Hello Simon--I am not exactly sure what the Factory did to my KSA-80B when I told them I was going to use it for Apogees at one ohm. I remember that the tech who originally built these amps was still at Krell, and did the work on my amp. I am sure that if you contacted the factory in Connecticut, and talked to them, they would know, not sure if they would tell you. You certainly could have such an amp recapped by them and have that mod put in.

As for amp choice, if you play really loud, and rock music, and have a big room, then the big block amps may be the way to go. I find no problem doing 95 db in a 12 x 18 room, with a open back wall to a staircase and a downstairs area. I eventually did go with Vandersteen Model 3 Subs (a pair) and that would be a consideration--just to add the bottom octave--not really necessary--did it for other reasons. Save the $$ on the big blocks, use a KSA-80B for MRT, and then you have 640 watts for the MRT all by itself, and the Sub 3's have their own built in amps and 11 band equalizer for the bass only. I also like the unmolested way the Vandersteens interface with the the power amp. Its kind of unique and Richard was the first one to do that, but others do it now. This gives room eq without digitally modifying the signal. That adds another 300+ watts per channel for just the base below 80 Hz. Richard also uses 3 8 inch drivers in each sub, which gives a unit with the speed to keep up with the ribbons. It also reduces any IM of the Apogees, which was pretty small to begin with with all that planar area, but they do sound a little more unrestrained. Understand that I was after reproducing music in my room that was approaches the live experience.

Bailyhill
Offline bailyhill  
#16 Posted : 25 November 2020 13:40:01(UTC)
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Originally Posted by: sandyk Go to Quoted Post
Originally Posted by: Martin Colloms Go to Quoted Post
Originally Posted by: phil page Go to Quoted Post
Simon, I'm sure that the 700cx could do it - I inadvertently had mine driving a less than 1 Ohm load at one point. But you've just sold yours!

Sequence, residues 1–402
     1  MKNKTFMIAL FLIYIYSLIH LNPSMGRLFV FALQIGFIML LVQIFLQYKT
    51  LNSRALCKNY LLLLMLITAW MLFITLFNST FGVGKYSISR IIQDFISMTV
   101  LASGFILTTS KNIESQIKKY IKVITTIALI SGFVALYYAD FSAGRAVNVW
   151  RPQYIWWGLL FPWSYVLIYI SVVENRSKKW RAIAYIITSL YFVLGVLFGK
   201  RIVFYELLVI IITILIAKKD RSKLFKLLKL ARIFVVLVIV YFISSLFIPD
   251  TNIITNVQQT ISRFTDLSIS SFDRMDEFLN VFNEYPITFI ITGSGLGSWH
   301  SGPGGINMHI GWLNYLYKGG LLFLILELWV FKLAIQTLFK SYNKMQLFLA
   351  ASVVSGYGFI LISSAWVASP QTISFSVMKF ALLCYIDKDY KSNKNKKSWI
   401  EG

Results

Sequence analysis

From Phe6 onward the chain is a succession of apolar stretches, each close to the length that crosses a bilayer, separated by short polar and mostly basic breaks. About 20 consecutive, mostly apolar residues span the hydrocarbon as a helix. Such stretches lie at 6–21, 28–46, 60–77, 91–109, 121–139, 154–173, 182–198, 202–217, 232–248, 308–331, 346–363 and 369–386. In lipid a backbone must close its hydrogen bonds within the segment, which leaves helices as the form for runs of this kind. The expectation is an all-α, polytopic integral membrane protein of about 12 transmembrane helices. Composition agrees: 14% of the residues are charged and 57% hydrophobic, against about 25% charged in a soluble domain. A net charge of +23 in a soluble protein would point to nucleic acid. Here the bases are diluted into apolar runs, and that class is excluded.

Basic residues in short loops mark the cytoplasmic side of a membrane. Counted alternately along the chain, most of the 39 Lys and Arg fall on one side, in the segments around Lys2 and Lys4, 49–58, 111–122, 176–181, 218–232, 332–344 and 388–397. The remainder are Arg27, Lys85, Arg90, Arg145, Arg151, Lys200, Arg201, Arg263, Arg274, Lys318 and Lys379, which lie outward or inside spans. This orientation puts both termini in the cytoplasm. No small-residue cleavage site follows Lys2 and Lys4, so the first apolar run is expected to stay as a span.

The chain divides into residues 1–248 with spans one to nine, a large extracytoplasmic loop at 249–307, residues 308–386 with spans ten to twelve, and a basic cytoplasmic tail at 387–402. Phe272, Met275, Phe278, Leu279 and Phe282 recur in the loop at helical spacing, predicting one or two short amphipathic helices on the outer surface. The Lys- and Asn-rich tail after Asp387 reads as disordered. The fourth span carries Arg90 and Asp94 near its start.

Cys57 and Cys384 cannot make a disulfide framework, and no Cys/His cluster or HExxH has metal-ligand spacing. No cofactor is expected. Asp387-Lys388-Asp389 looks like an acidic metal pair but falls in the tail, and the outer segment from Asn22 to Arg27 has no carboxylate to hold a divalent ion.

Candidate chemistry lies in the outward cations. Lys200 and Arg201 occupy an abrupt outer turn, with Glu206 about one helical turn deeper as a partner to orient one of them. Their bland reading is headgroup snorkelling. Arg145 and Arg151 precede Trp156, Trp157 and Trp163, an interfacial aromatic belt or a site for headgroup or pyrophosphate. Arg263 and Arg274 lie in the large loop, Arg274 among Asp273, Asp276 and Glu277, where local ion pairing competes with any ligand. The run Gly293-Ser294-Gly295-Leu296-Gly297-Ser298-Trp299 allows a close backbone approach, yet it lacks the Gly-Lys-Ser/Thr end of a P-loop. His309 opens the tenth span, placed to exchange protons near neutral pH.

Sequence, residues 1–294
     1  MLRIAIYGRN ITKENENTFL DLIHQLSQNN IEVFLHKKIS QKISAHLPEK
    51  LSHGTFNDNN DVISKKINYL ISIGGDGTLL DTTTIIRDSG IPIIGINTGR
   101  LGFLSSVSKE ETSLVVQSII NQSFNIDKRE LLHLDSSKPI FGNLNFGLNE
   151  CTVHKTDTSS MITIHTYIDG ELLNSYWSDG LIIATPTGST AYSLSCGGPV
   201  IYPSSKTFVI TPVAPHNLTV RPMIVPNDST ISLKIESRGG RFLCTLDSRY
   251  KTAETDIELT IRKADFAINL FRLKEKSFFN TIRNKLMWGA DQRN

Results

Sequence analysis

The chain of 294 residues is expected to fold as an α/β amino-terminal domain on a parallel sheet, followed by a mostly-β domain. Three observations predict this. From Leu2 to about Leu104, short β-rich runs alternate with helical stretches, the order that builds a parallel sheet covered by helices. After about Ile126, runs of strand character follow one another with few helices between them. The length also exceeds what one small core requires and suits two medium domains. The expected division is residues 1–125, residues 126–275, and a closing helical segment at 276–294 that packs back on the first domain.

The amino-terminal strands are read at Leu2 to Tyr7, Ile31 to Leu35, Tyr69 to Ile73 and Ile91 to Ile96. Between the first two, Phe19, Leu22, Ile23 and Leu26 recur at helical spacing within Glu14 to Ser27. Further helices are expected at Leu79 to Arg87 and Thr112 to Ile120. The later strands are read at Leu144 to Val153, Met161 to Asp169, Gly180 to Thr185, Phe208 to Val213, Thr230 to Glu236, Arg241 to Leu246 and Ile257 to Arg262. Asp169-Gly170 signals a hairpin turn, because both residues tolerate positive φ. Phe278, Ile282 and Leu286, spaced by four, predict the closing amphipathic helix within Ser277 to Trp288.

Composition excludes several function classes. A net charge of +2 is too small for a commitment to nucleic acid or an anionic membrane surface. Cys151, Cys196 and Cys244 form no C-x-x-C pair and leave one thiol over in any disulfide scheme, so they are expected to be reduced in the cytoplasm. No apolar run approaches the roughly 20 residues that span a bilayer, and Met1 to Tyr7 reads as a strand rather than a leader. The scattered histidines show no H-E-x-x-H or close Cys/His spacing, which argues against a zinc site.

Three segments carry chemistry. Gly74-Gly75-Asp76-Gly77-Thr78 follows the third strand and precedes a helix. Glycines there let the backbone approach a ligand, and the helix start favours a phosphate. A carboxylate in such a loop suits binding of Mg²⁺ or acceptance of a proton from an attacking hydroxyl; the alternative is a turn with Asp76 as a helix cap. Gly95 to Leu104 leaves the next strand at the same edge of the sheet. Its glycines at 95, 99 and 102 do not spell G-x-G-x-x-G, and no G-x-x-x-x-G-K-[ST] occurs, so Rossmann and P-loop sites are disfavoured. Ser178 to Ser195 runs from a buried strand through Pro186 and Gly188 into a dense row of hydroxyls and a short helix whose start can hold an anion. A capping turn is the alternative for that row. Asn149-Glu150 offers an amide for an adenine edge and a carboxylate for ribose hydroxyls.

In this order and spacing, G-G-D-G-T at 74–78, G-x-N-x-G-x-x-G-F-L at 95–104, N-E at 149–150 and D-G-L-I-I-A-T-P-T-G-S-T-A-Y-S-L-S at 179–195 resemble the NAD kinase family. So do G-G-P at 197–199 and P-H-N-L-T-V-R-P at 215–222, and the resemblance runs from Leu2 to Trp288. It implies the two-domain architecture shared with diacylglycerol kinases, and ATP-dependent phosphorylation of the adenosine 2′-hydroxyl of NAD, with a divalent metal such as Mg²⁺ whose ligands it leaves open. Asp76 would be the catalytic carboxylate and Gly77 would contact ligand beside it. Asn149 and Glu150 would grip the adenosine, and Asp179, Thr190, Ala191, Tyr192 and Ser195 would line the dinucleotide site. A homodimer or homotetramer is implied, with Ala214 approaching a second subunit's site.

Each contact in a connection loop, amp to loudspeaker can be 0.1 ohm never mind the soldered contacts in the loudspeaker and the amplifier.

So let's count per single channel. At least two inside the amp to the terminals then two for the spades or bananas then the joints to the speaker cable then two joins at the other end of the cable, noting a minimum of possibly 0.4ohm loop for the cable, then the cable terminations to the inside of the loudspeaker. I make that 1.4ohms (neglecting the amp output impedance) driving a '1 0hm load'

not very sensible!

never mind the approx quadrupled distortion from the power amp at these high curents.....

Martin


Spot on!

Why on earth would any sensible person design a High Fidelity speaker of such a low impedance? As Martin said, the power amplifier distortion would be much higher mainly due to Beta droop in the Output
transistors into low impedance loads.
Added to that, you would need to have a pile of them in parallel. Large power transistors also have quite a bit of input capacitance, and this increases with the number of parallel output devices.
Then there is the much lower input impedance of the pile of output devices as well .
This much heavier loading also reflects back into earlier stages of the amplifier,l degrading the performance before negative feedback, as well as most likely resulting in overall distortion figures well in excess
of what can be obtained these days with amplifiers designed to suit more modest loads .

Please feel free to correct any misunderstanding on my part.

Kind Regards
Alex


Hello Sandyk--